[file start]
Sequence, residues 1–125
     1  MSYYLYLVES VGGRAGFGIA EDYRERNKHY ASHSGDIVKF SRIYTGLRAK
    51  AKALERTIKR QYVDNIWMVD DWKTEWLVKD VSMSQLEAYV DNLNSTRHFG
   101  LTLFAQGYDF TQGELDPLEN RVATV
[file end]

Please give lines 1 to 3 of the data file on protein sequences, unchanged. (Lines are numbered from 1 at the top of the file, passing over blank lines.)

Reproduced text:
Sequence, residues 1–125
     1  MSYYLYLVES VGGRAGFGIA EDYRERNKHY ASHSGDIVKF SRIYTGLRAK
    51  AKALERTIKR QYVDNIWMVD DWKTEWLVKD VSMSQLEAYV DNLNSTRHFG